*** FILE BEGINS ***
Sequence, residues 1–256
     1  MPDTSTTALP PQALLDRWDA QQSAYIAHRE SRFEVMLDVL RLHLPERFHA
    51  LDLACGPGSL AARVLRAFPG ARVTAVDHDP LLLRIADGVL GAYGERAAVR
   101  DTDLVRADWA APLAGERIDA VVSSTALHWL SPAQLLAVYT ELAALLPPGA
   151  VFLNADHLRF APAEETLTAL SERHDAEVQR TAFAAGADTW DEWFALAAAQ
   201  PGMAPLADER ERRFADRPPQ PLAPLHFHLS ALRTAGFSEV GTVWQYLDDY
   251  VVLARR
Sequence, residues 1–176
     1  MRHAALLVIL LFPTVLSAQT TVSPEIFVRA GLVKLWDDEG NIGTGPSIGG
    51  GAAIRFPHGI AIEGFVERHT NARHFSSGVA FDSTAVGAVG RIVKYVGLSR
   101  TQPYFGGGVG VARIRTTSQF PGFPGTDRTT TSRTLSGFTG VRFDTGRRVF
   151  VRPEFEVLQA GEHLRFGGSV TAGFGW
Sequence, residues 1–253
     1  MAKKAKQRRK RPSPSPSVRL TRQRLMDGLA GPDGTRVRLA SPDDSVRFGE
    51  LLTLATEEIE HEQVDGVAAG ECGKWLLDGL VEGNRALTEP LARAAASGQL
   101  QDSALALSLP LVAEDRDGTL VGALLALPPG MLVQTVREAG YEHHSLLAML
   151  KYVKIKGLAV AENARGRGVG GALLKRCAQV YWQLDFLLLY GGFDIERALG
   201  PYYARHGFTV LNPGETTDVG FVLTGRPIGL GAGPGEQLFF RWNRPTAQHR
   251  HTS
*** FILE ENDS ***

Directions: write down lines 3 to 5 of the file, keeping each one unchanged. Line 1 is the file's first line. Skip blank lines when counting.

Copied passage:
    51  LDLACGPGSL AARVLRAFPG ARVTAVDHDP LLLRIADGVL GAYGERAAVR
   101  DTDLVRADWA APLAGERIDA VVSSTALHWL SPAQLLAVYT ELAALLPPGA
   151  VFLNADHLRF APAEETLTAL SERHDAEVQR TAFAAGADTW DEWFALAAAQ